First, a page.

July 18, 2003

We always know when presidential/congressional election time rolls around again because the level of partisan lies and deceptions are markedly increased, candidates and their operatives are reduced to slinging vitriolic rhetorical swill, the electorate's intelligence is repeatedly insulted, and the result -- as usual -- is little more than uncivilized political war, as was amply displayed by unruly threats and outbursts in the House of Representatives today (July 18, 2003). That's one of the reasons why only about half of eligible voters are registered and about half of those registered to vote, vote. Indeed, the main reason is the blatant betrayal of democracy that begs for answers to fundamental questions.

Hasn't getting elected by fraudulently campaigning to the center, then returning to the partisan battles, bitterness and demagoguery of the right and the left gone on long enough? Hasn't the lack of majority consent by the over-governed gone on long enough? The negative questions can be answered by a positive question. Isn't it time to change -- from a marginalized electorate and absolute control of elections and government by the two-party system -- to a better system of nonpartisan elections, with professional government managers instead of campaign-financed professional politicians, more participation in democracy, and reasonably limited government?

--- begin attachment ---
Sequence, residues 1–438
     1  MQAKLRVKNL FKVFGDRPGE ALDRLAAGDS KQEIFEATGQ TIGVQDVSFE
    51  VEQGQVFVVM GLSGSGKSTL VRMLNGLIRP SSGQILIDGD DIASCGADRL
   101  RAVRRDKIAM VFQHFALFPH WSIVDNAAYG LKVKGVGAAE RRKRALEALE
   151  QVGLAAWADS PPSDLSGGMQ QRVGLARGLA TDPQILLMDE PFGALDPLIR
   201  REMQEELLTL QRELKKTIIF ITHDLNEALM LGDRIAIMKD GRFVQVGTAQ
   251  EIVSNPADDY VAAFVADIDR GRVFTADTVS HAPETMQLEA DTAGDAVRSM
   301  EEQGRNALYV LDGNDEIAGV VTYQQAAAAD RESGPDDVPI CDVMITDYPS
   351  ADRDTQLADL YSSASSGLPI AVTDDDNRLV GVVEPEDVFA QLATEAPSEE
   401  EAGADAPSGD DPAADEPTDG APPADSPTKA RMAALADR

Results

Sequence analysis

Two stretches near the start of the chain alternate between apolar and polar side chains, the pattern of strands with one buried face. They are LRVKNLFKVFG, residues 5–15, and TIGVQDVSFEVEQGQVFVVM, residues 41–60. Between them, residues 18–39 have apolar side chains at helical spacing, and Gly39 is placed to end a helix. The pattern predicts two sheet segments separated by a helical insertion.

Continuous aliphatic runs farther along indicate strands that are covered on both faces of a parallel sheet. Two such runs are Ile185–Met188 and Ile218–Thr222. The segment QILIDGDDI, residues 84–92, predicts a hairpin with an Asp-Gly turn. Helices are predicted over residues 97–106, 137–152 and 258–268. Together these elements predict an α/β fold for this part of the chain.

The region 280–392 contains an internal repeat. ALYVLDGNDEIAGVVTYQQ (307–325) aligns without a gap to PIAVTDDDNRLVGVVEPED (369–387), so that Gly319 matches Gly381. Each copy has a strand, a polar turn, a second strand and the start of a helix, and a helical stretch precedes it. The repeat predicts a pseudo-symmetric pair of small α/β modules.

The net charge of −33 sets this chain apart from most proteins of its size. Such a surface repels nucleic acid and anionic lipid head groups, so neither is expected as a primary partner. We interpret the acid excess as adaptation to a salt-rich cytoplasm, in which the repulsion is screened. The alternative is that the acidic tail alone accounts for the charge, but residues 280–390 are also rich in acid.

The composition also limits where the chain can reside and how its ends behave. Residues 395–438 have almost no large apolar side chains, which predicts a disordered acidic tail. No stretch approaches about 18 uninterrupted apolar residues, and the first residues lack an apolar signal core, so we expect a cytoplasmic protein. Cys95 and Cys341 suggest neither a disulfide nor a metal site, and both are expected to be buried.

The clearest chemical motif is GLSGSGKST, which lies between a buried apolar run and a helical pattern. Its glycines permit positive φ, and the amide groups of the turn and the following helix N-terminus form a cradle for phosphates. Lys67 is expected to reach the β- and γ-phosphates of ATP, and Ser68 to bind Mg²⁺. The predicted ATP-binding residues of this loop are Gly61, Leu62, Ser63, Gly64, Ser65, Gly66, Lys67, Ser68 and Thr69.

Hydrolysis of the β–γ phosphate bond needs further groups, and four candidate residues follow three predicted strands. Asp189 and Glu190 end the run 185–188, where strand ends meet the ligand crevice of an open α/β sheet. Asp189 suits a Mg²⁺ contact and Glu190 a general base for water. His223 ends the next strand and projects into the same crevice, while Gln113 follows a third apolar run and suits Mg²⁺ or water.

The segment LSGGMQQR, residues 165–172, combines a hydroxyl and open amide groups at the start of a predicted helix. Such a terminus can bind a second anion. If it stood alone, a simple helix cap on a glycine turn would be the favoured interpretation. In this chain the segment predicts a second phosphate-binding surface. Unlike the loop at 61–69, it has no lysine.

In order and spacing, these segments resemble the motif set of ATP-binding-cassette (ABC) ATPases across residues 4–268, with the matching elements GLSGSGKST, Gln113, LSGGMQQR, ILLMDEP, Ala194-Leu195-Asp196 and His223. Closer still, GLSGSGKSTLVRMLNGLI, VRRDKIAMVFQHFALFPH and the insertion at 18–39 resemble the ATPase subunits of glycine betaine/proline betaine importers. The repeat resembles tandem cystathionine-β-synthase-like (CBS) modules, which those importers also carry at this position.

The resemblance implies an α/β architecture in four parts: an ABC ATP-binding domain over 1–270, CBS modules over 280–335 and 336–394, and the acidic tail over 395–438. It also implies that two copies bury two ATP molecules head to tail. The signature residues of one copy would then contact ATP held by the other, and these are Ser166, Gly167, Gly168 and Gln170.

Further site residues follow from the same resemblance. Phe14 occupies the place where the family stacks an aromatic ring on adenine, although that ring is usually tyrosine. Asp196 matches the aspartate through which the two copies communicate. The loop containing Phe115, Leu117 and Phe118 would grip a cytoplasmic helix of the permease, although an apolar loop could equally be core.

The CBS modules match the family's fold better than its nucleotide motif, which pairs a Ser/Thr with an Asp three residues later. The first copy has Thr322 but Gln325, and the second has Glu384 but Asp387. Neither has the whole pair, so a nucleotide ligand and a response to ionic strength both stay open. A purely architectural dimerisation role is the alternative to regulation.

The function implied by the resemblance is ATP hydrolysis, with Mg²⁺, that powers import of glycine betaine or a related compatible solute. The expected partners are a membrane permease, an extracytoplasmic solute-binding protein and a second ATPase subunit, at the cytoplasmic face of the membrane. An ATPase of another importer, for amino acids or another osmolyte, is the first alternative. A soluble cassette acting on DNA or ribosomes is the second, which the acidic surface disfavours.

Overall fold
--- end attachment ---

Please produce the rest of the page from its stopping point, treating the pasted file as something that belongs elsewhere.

The attack on America, the war in Afghanistan, the war in Iraq, the war against terrorism, the unrelenting rise of bureaucratic empire building, laws and regulations, dependence on government, government intrusions, social aggression, the education establishment's factories of ignorance, legal anarchy, economic uncertainty and media-driven chaos pulsing throughout the nation should at least tell us that society has lost its moral compass, that our government is not really our government, that it has simply grown beyond our control, and that we have been assaulted by selfish interests, weakened by superficial extremes, and battered by the failures of good intentions -- beyond reason..

Though the United States of America has the best form of government -- seeded by the birth of democracy in Athens over 2500 years ago -- we can hardly expect Afghanistan, Iraq and other former tyrannies to embrace democracy to suit their particular needs when they see that our democratic experiment in freedom isn't maturing nearly as well as it should.

Daniel B. Jeffs, founder
The Direct Democracy Center